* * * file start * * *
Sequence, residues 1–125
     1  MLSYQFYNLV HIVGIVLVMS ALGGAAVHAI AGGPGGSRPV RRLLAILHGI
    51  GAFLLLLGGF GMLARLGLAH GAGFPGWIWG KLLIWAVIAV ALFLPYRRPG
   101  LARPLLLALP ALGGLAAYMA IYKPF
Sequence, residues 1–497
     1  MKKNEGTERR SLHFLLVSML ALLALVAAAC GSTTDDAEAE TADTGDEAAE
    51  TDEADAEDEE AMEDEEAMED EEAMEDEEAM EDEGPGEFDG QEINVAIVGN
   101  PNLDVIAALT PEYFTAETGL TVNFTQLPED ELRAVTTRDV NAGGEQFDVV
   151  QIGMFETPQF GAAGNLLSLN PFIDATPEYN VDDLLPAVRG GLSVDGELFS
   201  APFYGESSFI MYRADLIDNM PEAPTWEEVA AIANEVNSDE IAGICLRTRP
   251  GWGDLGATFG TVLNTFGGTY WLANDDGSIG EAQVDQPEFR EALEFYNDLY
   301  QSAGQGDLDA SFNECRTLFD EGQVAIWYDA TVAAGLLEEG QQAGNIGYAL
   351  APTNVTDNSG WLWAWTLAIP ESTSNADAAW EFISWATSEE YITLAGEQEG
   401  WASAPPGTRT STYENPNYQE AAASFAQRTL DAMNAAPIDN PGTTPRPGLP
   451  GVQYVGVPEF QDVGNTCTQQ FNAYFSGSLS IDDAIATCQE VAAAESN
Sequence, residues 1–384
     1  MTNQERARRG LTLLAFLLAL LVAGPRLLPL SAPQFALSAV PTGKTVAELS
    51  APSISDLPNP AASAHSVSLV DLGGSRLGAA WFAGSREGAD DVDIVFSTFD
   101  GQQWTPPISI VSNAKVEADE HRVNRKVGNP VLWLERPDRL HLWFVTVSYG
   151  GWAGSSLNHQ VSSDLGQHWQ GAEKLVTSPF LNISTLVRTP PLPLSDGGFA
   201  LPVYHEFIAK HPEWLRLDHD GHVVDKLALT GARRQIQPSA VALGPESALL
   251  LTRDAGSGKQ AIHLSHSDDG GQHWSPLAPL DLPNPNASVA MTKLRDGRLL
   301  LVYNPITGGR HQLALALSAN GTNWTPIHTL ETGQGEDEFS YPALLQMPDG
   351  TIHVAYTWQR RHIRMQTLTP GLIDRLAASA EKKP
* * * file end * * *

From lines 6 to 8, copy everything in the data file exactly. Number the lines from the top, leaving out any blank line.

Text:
     1  MKKNEGTERR SLHFLLVSML ALLALVAAAC GSTTDDAEAE TADTGDEAAE
    51  TDEADAEDEE AMEDEEAMED EEAMEDEEAM EDEGPGEFDG QEINVAIVGN
   101  PNLDVIAALT PEYFTAETGL TVNFTQLPED ELRAVTTRDV NAGGEQFDVV